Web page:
“you can never be overdressed or overeducated.”
I sit here at my kitchen table early on a Saturday morning, thinking about the last two weeks of my life. This time two weeks ago, I was at school making photocopies in anticipation of my first day of teaching. Now, the first two weeks are done and I can say pretty confidently that I am not the same person.
First, this is the first real job I’ve ever had. I spent the “lost year” of my life working retail and at a restaurant. This job is entirely different just in having set days I work every week, which don’t technically involve weekends (but I’m pretty sure I’ll be using my weekends to get ready for school) or holidays. I get a salary. The same amount of money every paycheck, which unfortunately only comes once a month. Guess I’ll really have to learn to budget.
I work with a LOT of other people. Between teachers, staff, janitors, the cafeteria workers and many other employees, there are at least 100 different people working in my building on any given day. I’ve spent the last two weeks trying to learn all these new names and it has admittedly been a struggle. And everyone is coming from different places. There are about 19 teachers new to our building this year, well over half the staff. The veterans are returning on the heels of a rough year of poor student performance and lackluster culture amongst the team. It is hard to navigate the many different feelings we are all coming into this year with and to keep in mind that coming into work every day means something different for each one of us.
I had a limited amount of time this summer to learn as much as I could about teaching, about managing a classroom, about seeking out ways to continually improve, about being a mentor for my kids, about being the “transformational change” my students needed. To be fully honest, this summer was a great experience. I co-taught with some amazing people and a lot of our students made significant gains in our short weeks together. I learned to love my 5th graders and I think by the end of the summer, they were pretty fond of me too.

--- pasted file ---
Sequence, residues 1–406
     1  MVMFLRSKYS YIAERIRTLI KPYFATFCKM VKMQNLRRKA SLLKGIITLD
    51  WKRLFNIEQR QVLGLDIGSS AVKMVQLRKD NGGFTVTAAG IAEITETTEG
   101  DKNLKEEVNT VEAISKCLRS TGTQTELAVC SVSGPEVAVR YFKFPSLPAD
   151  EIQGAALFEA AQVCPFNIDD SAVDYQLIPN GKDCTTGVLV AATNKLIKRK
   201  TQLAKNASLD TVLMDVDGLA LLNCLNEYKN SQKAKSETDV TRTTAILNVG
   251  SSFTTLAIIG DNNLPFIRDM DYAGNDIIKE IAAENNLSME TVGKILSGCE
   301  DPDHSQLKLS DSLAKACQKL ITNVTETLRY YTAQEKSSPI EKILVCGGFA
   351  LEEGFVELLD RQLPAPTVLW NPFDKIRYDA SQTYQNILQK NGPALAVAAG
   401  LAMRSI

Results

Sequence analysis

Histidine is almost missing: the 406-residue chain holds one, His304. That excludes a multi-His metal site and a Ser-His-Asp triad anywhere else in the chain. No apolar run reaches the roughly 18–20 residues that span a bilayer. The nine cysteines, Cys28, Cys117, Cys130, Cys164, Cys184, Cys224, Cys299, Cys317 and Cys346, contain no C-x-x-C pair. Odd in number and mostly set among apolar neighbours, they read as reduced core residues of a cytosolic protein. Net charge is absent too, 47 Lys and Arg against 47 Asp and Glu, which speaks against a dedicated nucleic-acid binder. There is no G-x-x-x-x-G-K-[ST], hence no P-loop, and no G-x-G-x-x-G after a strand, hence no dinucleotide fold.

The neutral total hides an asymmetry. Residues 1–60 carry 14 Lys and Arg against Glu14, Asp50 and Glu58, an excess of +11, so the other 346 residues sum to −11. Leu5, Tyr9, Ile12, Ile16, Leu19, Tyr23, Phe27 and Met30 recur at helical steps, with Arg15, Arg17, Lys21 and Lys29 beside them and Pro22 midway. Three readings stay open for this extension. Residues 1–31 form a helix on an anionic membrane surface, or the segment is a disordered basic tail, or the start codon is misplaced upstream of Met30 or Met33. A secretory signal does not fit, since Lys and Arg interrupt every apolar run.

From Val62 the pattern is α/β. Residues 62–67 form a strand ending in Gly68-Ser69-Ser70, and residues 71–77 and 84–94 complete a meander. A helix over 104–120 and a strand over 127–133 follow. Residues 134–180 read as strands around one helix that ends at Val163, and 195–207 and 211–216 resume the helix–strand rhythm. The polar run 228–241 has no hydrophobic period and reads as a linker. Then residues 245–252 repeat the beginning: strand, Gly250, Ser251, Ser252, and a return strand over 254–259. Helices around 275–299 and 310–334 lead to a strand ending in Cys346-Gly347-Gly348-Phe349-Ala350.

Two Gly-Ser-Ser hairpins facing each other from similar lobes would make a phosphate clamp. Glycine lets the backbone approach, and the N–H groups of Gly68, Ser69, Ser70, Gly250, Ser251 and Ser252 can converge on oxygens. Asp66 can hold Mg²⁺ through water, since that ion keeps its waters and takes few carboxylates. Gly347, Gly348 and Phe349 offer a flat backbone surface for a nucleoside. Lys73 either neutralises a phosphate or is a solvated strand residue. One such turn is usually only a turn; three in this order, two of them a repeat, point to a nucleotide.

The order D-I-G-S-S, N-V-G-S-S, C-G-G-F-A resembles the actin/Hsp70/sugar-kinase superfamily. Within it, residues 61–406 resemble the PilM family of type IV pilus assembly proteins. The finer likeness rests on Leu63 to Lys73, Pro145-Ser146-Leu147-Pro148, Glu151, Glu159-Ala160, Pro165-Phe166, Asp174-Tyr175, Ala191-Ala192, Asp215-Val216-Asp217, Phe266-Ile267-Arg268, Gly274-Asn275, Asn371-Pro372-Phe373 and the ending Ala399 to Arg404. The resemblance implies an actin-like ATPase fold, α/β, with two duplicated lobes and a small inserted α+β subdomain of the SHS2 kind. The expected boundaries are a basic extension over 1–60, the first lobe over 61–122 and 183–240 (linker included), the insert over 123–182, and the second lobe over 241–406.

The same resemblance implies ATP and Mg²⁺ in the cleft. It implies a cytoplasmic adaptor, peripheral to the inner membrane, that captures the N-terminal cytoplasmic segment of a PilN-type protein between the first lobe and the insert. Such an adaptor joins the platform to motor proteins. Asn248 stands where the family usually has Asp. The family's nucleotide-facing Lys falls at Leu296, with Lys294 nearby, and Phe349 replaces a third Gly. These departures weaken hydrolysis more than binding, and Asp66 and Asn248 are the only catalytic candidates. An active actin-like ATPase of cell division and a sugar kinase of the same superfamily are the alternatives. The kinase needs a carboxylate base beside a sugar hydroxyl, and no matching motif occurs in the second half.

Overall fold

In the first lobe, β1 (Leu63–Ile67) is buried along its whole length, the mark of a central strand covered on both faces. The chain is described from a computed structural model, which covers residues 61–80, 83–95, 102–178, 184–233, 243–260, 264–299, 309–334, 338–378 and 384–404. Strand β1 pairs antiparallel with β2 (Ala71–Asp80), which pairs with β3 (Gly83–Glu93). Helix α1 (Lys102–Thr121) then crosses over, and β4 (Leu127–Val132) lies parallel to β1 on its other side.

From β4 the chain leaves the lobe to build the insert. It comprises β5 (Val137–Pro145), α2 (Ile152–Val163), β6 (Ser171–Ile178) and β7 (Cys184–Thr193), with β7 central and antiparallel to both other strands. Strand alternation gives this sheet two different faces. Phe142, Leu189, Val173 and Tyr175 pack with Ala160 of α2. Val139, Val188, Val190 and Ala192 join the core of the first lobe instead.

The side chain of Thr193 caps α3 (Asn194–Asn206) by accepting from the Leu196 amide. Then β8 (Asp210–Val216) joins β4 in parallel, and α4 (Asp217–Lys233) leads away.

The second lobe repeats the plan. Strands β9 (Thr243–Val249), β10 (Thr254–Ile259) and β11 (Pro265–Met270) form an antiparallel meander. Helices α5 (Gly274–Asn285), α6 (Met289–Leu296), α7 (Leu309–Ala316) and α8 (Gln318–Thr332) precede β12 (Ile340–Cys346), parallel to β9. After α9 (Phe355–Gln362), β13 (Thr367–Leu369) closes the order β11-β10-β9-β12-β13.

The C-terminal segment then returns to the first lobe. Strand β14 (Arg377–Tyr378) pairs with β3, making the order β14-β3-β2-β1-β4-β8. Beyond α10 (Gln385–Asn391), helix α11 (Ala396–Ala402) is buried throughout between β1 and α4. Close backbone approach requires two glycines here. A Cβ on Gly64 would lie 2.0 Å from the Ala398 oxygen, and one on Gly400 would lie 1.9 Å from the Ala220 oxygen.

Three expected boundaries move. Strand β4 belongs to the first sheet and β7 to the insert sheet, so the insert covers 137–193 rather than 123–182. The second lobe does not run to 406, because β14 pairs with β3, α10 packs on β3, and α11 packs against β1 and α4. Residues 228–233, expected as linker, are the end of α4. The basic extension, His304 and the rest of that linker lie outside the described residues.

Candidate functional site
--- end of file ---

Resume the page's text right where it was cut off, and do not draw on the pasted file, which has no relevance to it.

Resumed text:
But here? It is a completely different story. My school is in a tough neighborhood. One of my best friends here teaches at an elementary school less than a mile away from me. During the last few days of summer break, he was in preparing his classroom for this students to return. The custodians, however, were at school repairing a bullet hole in a window of the school. This is at an elementary school, where children as young as kindergarden come to learn every day. If you drove from his school to my school that last week of summer break, you would have passed a makeshift memorial for a young man murdered on the street corner just down the block from my school. There are 11, 12 year old students that grow up in this neighborhood, live in this neighborhood, walk home from school in this neighborhood every single day.
Students in my class that are incredibly far behind. When the bell rings and my class starts, there is not a single child sitting in any one of my classes that reads on grade level. Not a single one. Every student I teach does not meet the state standards for proficiency. It is one thing to talk in hypotheticals about “the achievement gap” and the children that is claims victim, but it is entirely different to try to coach a 7th grader through “Cat in the Hat” and watch him struggle to decode the words. The kids in my class cannot spell the simplest of words. I spend a lot of time simply trying to guess what they were trying to say because so much of their writing is poorly organized, spelled incorrectly and written in illegible penmanship.